Much of Lions Hopes Depend on Nate Burleson

With players like Matthew Stafford, Jahvid Best, Calvin Johnson and Ndamukong Suh getting so much attention, it is Nate Burleson who may be the Detroit Lions key to success.

After seven years in the NFL, Nate Burleson has only had decently solid seasons. And never two in a row. In 2004, his second season, Burleson caught 68 passes for 1,006 yards and 9 touchdowns. In 2007, he brought in 50 catches for 694 yards and 9 touchdowns. Then again in 2009, he snatched 63 catches for 812 yards but only 3 touchdowns. Those three seasons total 181 receptions, 2,512 yards and 21 TDs. His other 4 seasons in the pro's total up to only 82 catches, 1,035 yards, and 6 touchdowns. From looking at his numbers, it is easy to see why there would be some huge question marks on how much Nate Burleson will help the Detroit Lions. Yet, depend on him they will.

In his three seasons, Calvin Johnson has put up some respectable numbers, but everyone and anyone who has any eye for talent can see that he has only tapped a very limited supply in his talent reservoir. Johnson is simply to large (6'5", 235 lbs), too fast and has too good of hands to be so limited as he has been. The reason for this is because the Lions have had no running game for opposing defenses to respect and no other receiver to make teams pay for double teaming Johnson. So every year, Calvin Johnson has had to face constant double teams and sometimes triple teams.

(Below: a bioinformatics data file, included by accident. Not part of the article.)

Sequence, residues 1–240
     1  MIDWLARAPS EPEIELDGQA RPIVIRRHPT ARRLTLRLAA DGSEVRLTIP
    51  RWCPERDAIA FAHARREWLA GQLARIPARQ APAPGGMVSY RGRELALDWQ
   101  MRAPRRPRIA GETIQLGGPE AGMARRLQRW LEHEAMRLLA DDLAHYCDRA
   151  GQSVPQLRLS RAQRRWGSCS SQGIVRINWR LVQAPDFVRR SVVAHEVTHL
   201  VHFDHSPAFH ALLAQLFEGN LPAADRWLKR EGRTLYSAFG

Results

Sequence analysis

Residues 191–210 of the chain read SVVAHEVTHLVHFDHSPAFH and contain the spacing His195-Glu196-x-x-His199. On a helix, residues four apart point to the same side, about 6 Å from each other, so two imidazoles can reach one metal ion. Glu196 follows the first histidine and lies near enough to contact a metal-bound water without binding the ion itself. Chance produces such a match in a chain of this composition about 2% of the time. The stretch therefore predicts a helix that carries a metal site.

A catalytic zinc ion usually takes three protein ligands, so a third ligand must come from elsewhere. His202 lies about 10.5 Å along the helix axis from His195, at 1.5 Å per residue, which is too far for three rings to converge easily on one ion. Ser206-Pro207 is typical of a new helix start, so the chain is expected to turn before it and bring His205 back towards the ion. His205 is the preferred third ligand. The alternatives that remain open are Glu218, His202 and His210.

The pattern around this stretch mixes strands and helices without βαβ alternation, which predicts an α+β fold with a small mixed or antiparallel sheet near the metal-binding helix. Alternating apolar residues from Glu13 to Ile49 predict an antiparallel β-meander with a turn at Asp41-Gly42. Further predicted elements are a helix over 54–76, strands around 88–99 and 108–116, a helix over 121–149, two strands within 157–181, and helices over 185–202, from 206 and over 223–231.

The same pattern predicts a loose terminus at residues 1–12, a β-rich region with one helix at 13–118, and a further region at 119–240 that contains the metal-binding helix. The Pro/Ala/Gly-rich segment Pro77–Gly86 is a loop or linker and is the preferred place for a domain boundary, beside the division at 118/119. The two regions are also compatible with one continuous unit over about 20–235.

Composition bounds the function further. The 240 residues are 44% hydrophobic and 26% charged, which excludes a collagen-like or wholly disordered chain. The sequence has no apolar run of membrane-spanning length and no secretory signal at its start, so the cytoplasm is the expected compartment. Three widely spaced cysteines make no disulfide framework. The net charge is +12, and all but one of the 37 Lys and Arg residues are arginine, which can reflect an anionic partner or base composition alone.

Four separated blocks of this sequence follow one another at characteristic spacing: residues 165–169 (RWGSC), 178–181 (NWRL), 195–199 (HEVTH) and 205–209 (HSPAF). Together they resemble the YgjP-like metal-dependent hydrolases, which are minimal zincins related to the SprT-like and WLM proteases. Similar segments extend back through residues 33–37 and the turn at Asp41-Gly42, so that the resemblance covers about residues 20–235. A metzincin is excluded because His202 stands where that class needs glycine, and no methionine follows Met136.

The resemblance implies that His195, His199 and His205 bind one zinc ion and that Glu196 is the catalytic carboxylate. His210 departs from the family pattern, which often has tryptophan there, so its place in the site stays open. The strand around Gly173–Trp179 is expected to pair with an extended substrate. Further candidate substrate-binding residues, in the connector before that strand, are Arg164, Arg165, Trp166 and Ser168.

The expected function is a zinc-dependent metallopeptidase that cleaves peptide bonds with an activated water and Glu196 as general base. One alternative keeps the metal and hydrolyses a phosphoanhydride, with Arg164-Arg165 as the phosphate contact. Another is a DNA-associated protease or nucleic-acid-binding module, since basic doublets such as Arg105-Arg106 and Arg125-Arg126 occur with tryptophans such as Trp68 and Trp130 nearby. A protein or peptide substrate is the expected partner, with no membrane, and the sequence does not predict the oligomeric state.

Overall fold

Now the Lions have the speedy running back in Jahvid Best, but if they cannot learn to complete more passes, there will not be enough room for Best to break free and use that speed. If he cannot make defenses pay for doubling up on Johnson, then they will continue to do so. This is where Nate Burleson becomes so important.

If Burleson can get open enough to give Matthew Stafford a dependable receiver to throw to down field, defenses will no longer be able to double team Johnson as well as cheat in on Best. Defenses will be forced to either allow Calvin Johnson some one-on-one coverage to beat or Jahvid Best more room to run. Teams simply cannot cheat on all three of these players and still have one player covering the tight ends. And the Lions now have two very good tight ends.